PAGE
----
In a city like Bangalore where the population is 8.5 million with a large percentage of it being the youth, road safety and precaution should be an issue of primary care and concern.
Over the last ten years, the rapid population growth due to IT and other associated industries has led to an increase in the vehicular population to more than 2 million, with an annual growth rate of over 10%. Further, there has been a significant increase in the number of two wheelers and personal cars in use.
Hosur Road, near Dairy Circle is one area that sees shoppers, office-goers, students and employees, all moving in an incredible rush. Being a densely populated area, the BBMP, estimates these numbers to be around an estimated 16,000 per day. Thus, the traffic on Hosur Road is a constant during most times of the day and crossing it is no cakewalk. Children and adults cross the road in the same manner – jumping the signal, running between buses, narrowly missing autos.
This issue is found to be the same in the narrower lanes and by-lanes in the area as well – be it S.G. Palya, or Chikkalakshmiah Layout, there is no guarantee if the pedestrian, the driver or both are at fault. One faces the same danger in both cases. For a while, there seemed to be no way around it. That was however, until the establishment of the foot overbridge in front of Christ University. The skywalk was set up under a public-private partnership (PPP) programme that was initiated by Bruhat Bangalore Mahanagar Palike (BBMP) in 2014. Today, it even has a lift installed that can hold around 50 people at a time.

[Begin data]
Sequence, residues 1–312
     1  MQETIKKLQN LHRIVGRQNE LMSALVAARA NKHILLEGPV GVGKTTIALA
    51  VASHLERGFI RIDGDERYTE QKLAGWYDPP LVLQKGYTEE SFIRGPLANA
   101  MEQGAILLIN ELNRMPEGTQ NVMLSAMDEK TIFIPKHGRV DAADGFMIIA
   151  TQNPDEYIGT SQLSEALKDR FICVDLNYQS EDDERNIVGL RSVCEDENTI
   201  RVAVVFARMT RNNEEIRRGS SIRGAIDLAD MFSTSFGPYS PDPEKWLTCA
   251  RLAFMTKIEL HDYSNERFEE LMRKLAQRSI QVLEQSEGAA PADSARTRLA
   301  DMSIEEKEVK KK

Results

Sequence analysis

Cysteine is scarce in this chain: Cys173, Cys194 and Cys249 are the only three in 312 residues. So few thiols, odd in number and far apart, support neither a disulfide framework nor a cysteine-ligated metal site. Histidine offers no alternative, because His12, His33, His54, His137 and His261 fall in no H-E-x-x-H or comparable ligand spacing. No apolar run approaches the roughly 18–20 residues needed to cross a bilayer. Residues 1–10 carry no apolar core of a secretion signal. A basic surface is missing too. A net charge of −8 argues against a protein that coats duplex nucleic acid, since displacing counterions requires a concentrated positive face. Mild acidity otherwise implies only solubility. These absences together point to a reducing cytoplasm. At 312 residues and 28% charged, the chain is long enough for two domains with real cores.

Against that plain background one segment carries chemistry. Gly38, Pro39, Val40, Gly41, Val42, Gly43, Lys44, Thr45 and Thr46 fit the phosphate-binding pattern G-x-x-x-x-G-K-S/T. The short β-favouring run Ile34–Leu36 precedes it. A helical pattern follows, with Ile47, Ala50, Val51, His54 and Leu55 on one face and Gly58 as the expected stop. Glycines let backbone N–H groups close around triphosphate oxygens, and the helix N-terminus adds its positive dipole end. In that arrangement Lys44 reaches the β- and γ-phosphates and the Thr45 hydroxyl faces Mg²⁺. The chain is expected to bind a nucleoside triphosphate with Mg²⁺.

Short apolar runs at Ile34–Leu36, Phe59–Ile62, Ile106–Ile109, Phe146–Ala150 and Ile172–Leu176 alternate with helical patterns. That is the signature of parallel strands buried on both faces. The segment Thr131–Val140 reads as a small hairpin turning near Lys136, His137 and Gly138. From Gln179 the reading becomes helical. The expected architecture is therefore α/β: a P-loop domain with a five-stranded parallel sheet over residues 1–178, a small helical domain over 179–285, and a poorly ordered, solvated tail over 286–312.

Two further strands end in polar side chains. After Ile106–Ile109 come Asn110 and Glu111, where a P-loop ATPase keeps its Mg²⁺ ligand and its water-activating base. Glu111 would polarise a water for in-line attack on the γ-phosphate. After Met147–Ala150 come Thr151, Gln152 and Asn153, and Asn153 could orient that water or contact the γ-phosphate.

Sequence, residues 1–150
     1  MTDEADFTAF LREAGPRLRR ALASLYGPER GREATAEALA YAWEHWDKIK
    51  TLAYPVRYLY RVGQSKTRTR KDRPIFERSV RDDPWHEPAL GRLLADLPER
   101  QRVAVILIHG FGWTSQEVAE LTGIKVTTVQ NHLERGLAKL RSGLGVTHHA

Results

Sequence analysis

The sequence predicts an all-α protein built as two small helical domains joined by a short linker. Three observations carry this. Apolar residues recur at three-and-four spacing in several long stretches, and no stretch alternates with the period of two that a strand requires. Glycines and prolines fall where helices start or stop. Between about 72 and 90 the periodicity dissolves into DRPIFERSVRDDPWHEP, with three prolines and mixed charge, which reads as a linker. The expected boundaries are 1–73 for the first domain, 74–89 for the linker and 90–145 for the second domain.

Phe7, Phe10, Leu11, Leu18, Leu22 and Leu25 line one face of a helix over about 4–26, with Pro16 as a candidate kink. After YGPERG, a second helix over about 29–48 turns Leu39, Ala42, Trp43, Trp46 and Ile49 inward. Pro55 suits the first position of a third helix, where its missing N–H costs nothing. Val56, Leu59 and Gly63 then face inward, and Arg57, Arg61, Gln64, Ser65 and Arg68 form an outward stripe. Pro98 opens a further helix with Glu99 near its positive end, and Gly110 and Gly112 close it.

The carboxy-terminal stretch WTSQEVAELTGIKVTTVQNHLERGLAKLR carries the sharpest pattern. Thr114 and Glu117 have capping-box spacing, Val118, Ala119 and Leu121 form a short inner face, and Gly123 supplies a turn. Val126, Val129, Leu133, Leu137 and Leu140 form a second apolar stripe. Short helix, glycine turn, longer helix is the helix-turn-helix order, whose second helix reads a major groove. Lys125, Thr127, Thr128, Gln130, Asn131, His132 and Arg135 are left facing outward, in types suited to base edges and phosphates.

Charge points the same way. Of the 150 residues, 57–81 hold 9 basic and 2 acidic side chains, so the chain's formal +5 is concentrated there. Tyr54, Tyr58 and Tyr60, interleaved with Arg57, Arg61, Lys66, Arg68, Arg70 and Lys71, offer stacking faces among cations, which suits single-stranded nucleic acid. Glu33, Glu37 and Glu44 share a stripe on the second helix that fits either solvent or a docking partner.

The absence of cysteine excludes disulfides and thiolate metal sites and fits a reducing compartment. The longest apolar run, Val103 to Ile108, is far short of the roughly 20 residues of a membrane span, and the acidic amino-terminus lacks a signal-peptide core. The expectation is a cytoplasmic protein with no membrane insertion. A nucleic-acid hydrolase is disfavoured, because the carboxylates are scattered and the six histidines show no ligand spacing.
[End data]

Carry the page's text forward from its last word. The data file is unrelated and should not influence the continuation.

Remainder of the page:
The problem that is seen however, is the minimal use that the skywalk is put to. While a large number of people make use of it, there is a larger number that does not. And most often, there appears to be no concrete reason as to why they do not do so.
As a group of socially aware and active individuals, the students of third year Sociology decided to take matters into their own hands.
On July 2nd, 2015, about a group of fifty students decked in red and/or black, holding posters and stickers, spread themselves out across Hosur Road to ensure that people made use of the skywalk. Beginning from Chikkalakshmiah Layout which houses a large number of college-goers, to Christ University, these students made note-worthy attempts in convincing the public at large to ‘be a skywalker’.
Many people refused to do so, with one even claiming that ‘my time is more important that my life’. A certain employee of Tech Mahindra made a gesture of being late for work and thus ignored the pleas of the campaigners, but took a while before he could get across the road. Going back halfway and using the skywalk got him over quicker, and our point was also made. Similar was the issue with many who were in a hurry to get across, regardless of age. Since the activists took to the roads at the peak time, from 8.30 to 10 AM, the resistance was much stronger than at other times. This highlights the strong work culture that is set in our minds, but no road ethics. It also points to us taking life for granted and value time and money over life itself.
Some however did motion to the campaigners about the good job that they were doing and even stopped to read the posters that they held up. They even posed for photographs and seemed to feel glad when we thanked them for using the overbridge, or said that they did a good job. Their smiles and efforts were little success stories.
While individuals may have been convinced to be a skywalker on a certain Thursday, there is a limited chance they continue to do so. One might consider the skywalk if they realise that the roads are crowded or traffic is abysmal. However, they need to realise that the skywalk is there for a reason – it is there for US to be safe, rather than sorry. Further, it does not take up much of an individual’s time but instead, helps save time. As they say, ‘better late than never’.